The field ion microscope, with its ability to depict individual metal atoms on crystals, has made it possible to measure diffusivities of individual atoms. After a brief sketch of the technical problems in such quantitative studies of surface diffusion, data on the effects of different surface structures upon the diffusion characteristics of individual a toms are presented for both bee and fee metals. Through the use of the field ion microscope the mechanisms of atomic motion have for the first time become accessible to direct examination; recent studies are presented which indicate that the traditional view of surface diffusion as a random walk of adatoms between adjacent sites on the surface is not generally applicable. The field ion microscope has also revealed the importance of clusters as possible contributors in surface transport, and work aimed at defining the atomic steps important in cluster mobility is therefore briefly reviewed.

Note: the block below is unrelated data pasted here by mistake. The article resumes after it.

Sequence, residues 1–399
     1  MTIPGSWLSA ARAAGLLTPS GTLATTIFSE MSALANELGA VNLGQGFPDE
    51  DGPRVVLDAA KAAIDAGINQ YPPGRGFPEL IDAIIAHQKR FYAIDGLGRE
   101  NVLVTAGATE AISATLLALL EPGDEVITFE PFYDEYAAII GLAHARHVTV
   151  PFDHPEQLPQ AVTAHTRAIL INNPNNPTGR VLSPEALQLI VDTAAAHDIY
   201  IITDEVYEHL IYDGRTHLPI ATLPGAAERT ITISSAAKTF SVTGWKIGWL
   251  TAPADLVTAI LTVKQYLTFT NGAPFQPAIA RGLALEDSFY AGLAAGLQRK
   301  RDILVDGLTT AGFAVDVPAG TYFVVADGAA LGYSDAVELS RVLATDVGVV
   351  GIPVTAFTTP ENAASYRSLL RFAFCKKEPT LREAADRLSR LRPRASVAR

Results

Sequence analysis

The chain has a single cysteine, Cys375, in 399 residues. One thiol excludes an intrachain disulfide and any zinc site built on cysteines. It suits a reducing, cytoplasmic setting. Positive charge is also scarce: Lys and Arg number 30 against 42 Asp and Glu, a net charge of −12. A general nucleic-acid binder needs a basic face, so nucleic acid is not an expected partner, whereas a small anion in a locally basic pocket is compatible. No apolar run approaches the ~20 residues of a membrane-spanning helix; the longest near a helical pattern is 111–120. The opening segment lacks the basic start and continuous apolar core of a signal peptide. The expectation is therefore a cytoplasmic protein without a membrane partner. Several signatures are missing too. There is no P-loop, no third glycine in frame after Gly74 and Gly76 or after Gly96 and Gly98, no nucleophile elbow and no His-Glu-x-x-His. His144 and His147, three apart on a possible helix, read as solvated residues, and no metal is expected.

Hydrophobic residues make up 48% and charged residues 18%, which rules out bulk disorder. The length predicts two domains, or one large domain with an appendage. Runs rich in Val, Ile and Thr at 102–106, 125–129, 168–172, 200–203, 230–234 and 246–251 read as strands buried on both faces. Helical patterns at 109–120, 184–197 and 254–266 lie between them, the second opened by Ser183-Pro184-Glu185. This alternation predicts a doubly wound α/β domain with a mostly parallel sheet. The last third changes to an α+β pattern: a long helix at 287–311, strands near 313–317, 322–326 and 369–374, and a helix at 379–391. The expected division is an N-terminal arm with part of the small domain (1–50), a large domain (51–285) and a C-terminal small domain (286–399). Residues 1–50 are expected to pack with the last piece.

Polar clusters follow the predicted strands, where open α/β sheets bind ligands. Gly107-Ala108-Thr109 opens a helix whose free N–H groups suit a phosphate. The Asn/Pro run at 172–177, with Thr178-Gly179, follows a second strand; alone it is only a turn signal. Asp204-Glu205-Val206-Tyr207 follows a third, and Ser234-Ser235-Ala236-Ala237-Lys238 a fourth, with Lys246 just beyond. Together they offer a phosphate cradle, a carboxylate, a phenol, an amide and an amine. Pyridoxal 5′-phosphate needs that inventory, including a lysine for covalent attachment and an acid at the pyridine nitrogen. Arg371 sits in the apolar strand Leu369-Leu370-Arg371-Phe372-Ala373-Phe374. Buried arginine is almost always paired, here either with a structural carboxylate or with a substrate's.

"Direct Observations of Surface Diffusion,"
Scanning Microscopy: Vol. 4
, Article 3.
Available at: https://digitalcommons.usu.edu/microscopy/vol4/iss4/3